Virginia Tech Magazine
Alumni Association
Winter 2010
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Kevin Leclaire '95, Alumni Association president
Kevin Leclaire '95, Alumni
Association president

An interview with Kevin Leclaire

The current international president of the Virginia Tech Alumni Association, Kevin Leclaire, is the first member of a '90s decade class to hold the highest office in the Alumni Association. Recently he responded to several questions about the association in an interview for Virginia Tech Magazine.

Leclaire is a 1995 graduate of both industrial and systems engineering and economics and later earned his M.B.A. from Harvard University. He currently is managing director of ISDR Consulting in Reston, Va., where he resides with his wife, Jessica Oi.

Q What do you feel are the hallmarks that make Tech's alumni programs stand apart from programs at other universities?

Unlike most of its peers, the Virginia Tech Alumni Association does not charge membership dues or solicit funds through an annual giving program. We seek to be as inclusive as possible and hence do not charge dues--every Virginia Tech alumnus or alumna automatically becomes a member of the Virginia Tech Alumni Association upon graduation and becomes a beneficiary of our diverse and comprehensive alumni programs and services.

Additionally, our alumni association is not in the business of soliciting funds--the university operates a separate annual fund, through which some alumni choose to designate support for alumni programs. No state funds are used for Tech's alumni programs--only revenue generated from programs and services in addition to partial Virginia Tech Foundation support.

Another distinction is that our Alumni Association is one of the few in the country that emphasizes constituency affiliations, such as academic college affiliation. We have a robust program of college and departmental programming for our alumni, as well as designated homecomings for different colleges on fall weekends. Each college has an Alumni Relations staff member. Also, there is an emphasis on programs for other groups, including graduate alumni, multicultural affiliations, and alumni of the corps of cadets. Our association has been recognized as a model nationally for its "no dues" policy, as well as for its varied and diverse constituency programs.

Q How are the members of the Alumni Association Board of Directors engaged in influencing the programs and services of the Alumni Association?

The Alumni Association Board of Directors is composed of alumni who bring diverse experience and insight from leadership roles across many different professions, including the government, military, and industry, as well as investment, legal and consulting firms, and nonprofit organizations. Tom Tillar and his very capable staff are responsible for the planning and day-to-day operations that make Virginia Tech's alumni programs and services possible.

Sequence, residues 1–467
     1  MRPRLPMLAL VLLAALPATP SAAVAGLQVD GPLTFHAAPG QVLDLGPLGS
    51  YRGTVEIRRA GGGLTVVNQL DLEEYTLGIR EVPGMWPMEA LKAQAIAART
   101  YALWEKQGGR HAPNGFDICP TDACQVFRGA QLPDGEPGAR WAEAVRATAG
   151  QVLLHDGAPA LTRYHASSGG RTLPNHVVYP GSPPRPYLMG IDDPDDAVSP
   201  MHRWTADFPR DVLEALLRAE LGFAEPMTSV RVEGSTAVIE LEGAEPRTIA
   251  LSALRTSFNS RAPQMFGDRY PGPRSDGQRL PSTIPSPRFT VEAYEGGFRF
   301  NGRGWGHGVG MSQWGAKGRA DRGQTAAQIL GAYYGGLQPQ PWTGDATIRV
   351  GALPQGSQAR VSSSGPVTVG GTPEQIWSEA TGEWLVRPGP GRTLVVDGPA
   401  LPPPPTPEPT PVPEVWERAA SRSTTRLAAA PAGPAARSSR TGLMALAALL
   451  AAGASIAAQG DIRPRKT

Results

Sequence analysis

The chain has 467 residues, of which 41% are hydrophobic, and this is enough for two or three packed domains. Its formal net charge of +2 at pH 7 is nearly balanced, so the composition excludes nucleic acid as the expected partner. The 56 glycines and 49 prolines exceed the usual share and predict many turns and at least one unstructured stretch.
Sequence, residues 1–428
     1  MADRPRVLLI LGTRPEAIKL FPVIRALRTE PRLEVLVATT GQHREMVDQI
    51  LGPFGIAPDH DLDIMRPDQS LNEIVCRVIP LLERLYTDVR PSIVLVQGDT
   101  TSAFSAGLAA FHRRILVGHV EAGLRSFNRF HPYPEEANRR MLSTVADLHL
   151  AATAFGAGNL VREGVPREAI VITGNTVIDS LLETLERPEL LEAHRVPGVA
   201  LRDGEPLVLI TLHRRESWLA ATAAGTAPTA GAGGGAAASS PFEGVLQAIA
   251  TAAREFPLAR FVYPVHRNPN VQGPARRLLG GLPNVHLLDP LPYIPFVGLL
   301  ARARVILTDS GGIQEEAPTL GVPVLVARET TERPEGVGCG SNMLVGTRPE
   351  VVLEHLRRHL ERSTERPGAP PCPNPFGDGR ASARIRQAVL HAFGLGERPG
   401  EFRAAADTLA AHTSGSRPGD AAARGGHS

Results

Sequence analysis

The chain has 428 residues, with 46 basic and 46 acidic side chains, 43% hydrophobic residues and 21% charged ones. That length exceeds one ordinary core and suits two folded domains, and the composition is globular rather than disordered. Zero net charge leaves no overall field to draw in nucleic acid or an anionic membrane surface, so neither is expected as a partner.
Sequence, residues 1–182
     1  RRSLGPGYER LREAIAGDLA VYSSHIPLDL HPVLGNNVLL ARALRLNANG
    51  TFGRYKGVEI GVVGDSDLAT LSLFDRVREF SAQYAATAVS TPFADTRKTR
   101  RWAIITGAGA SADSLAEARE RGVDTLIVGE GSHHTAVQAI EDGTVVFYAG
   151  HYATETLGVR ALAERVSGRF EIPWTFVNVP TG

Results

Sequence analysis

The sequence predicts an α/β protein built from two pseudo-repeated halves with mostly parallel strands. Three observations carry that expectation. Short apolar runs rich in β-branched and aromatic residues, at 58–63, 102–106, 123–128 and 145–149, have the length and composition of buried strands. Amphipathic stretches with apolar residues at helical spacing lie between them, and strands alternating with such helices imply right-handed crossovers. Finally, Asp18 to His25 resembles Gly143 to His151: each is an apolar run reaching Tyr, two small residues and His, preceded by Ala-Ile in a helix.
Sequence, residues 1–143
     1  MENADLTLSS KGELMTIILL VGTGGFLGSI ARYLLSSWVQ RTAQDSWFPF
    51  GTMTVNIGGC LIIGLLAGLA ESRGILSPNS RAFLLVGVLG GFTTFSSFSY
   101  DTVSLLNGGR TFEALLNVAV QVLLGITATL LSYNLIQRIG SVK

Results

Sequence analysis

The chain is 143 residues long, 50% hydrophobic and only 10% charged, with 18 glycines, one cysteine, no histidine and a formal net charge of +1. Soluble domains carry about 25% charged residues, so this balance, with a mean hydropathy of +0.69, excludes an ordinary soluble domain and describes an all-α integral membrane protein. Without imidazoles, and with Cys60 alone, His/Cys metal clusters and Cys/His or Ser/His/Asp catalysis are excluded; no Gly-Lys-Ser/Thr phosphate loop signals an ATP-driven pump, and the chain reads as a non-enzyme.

Although the board has oversight and governance responsibilities, our main role is to help guide the long-term direction the Alumni Association takes. We provide advice and best practices from industry to the association staff to help them meet their goals and overcome challenges, and otherwise help as called upon. We also attend various programs on and off campus and take advantage of many of the services provided by the association. In doing so, we can serve as a focus group to evaluate and make suggestions for changes and possible improvements or additions. The staff is always receptive to our input.

Q What is your long-term vision for how the Alumni Association will serve and benefit the university?

The Alumni Association is the principal means to keep Hokies connected to their alma mater, their fellow alumni, and the community. The Alumni Association provides crucial services to accomplish this, including maintaining alumni records (keep yours up to date at; providing tools to keep Hokies affiliated with Tech, such as lifetime "" e-mail addresses and the Hokie Nation Network online professional and social networking tool; supporting the alumni chapter network, so they can connect Hokies with each other and provide local networking and service opportunities across the globe; and engaging in legislative advocacy in Virginia to garner as much state support for the university as possible, especially in challenging economic times.

My long-term vision for the Alumni Association is more of the same, only better. I would like to see the association provide an even greater multiplier effect to keep the Hokie Nation connected. This could be accomplished by growth in new chapter formation domestically and especially abroad. I envision supporting the growth of an international presence and a support structure that includes a virtual roundtable of leaders from international chapters that can share best practices and lessons learned that are unique to their situations.

I envision a Hokie Nation Network that grows from the thousands of members today to many tens of thousands of members in the future. The network effects of such growth can help meet the career assistance, social networking, and communications needs of many more Hokies than those who have time to visit our beautiful campus or regularly engage with their local chapters. In particular, I would like to see many more alumni give back to their alma mater and opt to become career mentors to help our students and fellow alumni.

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